Noting that Taiwan’s historical discourse is usually based on the perspective of the Han Chinese, Minister Yiong said different ethnic groups in the past didn’t deliberately reconstruct history with new viewpoints. He noted that inscriptions that describe indigenous people from the early days of Hakka villages in northern Taiwan often used derogatory words usually translated as “barbarian” or “aborigine.” These inscriptions are very common in the Hakka regions or the Hakka-indigenous border zones, the Minister added.
Despite the 400 years of Han Chinese from China migrating to Taiwan, reshaping the Hakka-indigenous history is a homework that has never been done, Minister Yiong said, adding that “since the democratization of Taiwan, we have been talking about multiculturalism and constantly promoting the harmony between indigenous and Hakka groups, but this is not the original appearance of history.” It is necessary to understand the different aspects of history in order to become a complete Taiwanese Hakka, he emphasized, adding the challenge of rewriting the indigenous-Hakka history is serious and tough.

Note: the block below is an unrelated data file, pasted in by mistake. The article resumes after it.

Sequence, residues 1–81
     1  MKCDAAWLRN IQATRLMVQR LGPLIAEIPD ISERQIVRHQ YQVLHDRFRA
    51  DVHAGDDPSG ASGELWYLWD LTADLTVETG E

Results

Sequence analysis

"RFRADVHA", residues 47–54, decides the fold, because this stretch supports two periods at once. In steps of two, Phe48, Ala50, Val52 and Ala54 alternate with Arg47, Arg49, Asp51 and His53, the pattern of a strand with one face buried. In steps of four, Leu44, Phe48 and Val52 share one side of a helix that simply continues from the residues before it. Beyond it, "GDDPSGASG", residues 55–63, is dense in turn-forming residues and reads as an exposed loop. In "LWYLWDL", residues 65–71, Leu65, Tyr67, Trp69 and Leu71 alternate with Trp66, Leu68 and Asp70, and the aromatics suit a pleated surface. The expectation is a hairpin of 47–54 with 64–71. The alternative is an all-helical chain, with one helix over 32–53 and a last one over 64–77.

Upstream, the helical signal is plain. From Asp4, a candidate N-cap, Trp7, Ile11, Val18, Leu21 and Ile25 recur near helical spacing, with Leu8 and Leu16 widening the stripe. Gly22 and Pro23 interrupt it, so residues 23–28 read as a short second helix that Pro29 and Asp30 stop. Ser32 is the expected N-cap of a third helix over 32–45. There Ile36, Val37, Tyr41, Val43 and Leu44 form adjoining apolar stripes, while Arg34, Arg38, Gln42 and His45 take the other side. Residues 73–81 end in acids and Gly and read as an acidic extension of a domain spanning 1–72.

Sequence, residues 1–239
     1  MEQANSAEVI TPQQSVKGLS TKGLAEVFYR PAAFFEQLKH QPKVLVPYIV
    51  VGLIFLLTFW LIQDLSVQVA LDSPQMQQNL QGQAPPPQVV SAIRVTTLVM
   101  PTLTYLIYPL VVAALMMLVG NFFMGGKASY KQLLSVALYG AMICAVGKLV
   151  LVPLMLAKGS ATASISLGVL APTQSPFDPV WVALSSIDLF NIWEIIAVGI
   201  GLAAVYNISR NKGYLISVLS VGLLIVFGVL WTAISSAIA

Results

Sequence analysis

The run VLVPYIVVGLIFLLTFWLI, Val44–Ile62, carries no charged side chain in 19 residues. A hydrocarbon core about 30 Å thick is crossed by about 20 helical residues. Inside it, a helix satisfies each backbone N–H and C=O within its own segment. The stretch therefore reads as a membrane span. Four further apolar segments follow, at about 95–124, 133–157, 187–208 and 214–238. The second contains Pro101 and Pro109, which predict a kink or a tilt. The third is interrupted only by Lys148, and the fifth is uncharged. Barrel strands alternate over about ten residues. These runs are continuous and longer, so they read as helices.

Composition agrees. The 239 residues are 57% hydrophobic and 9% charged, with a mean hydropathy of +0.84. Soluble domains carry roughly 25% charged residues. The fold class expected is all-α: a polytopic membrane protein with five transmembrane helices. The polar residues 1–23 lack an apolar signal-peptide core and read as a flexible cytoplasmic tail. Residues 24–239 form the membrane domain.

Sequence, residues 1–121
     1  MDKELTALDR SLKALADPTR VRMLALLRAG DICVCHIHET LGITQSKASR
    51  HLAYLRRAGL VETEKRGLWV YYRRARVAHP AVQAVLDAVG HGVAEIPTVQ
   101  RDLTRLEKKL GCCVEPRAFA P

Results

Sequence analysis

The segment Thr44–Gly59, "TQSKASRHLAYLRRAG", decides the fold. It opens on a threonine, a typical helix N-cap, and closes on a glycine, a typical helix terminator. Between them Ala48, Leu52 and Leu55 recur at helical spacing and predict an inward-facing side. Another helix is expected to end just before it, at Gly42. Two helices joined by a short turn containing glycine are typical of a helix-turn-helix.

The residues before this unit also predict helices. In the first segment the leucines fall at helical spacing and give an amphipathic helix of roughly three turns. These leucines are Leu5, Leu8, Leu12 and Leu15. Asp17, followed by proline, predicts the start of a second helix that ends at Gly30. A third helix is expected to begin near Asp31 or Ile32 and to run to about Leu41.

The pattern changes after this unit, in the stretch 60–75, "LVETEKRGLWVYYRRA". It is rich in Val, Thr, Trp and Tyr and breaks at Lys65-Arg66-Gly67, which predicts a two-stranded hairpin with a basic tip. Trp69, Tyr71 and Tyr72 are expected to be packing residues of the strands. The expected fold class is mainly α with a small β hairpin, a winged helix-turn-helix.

HAC is concerned that many chapters on the indigenous-Hakka reclamation history were not written from the neutral point of view, resulting in bias, misunderstandings, and even conflicts. Hence, to reconstruct the past history and overcome the distrust between the two ethnic groups, the Council commissioned NYCU to organize the academic project “Tribute to Indigenous Peoples: Rewriting the Hakka Reclamation History of Northern Taiwan” with a group of indigenous and Hakka scholars to reflect on the prejudice produced by Han/Hakka-centered history.